According to Joshua Koskoff, a lawyer for the plaintiffs, “the families lawsuit is intended to shed light on Remington’s calculated and profit-driven strategy to expand the AR-15 market and court high-risk users, all at the expense American’s safety.”
A ruling in favor of the plaintiffs will adversely affect the firearms industry and potentially set a precedence and open up every other industry to litigation. For example, if your tire falls off while you’re speeding and kills five people, those families could sue the tire company because the tire company’s ad told you that you were the kind of driver who likes to drive fast.
That’s why you need to understand how to protect your company’s brand from these frivolous lawsuits.
ATTEND THIS WEBINAR: Marketing Practices Liability in the Firearms Industry
Orchid Advisors and Williams Mullen are sponsoring a Free Webinar Tuesday, November 12, 2019 at 2:00 EST
Register by filling out the form on Orchid’s contact page and select “Webinar” under “I’d like to learn more about.”
Topics will include
- A review of the PLCAA, the Connecticut case, and the theory of potential liability.
- The severity of risk should an industry member get sued for criminal misuse of products.
- Best practices for monitoring and policing marketing strategies.
- Additional steps industry members should take to reduce risk.
More and more companies whose CEOs worldview align with anti-gun sentiment and those who disagree with certain products and political positions are steering their ships in the direction of what is called “virtue signaling.”
Virtue signaling looks like this:
- I don’t like your product
- Not liking your product can help strengthen my brand
- We should come out publicly against your product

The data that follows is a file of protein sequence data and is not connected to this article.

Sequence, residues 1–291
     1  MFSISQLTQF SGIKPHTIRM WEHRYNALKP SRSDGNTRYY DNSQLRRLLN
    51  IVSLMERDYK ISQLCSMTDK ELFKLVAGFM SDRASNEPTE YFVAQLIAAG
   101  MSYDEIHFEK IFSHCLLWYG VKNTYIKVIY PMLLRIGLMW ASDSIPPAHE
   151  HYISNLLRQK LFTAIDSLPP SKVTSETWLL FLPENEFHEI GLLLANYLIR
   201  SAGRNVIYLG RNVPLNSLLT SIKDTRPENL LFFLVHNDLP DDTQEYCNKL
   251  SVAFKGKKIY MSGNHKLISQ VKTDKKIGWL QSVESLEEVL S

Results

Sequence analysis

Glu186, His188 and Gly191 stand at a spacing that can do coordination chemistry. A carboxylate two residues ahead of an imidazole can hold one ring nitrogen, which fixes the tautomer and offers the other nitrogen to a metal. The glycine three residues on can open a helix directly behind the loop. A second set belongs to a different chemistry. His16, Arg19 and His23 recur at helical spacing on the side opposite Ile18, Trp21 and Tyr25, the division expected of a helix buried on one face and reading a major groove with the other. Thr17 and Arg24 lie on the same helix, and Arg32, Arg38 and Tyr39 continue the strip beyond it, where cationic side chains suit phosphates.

- Taking a position against your product will ‘hopefully’ breath new life into my diminishing brand
We’ve seen this with Dick’s Sporting Goods and WalMart. You also might recall the Nike ad that featured Colin Kapernick as a way to strengthen Nike’s brand with its’ urban audience.
Shopify removed firearm dealers and manufacturers from using its platform last year. Due to the pressure of financial institutions and gun control groups, we can expect more virtue signaling in the years to come.
Manufacturers and dealers need to create open-source websites and avoid getting caught up in virtue signaling platforms and software companies who are against firearms. i.e. SalesForce. Make sure you know where your intended solution provider stands on the 2nd Amendment.
4. Social media and the ensuing increase in gun ownership
Facebook, Google, YouTube and Instagram make no secret that they are against the firearms industry. The latest bans and advertising restrictions implemented by the largest social media networks make it very difficult for the firearms industry to advertise their products—and from experience seem to be getting worse.
These restrictions are just another way they are shaming the firearms industry out of the public square of debate. However, this isn’t about debate anymore—this is blatant censorship. As customer behavior changes, firearm brands need to look for other strategies to help grow their businesses.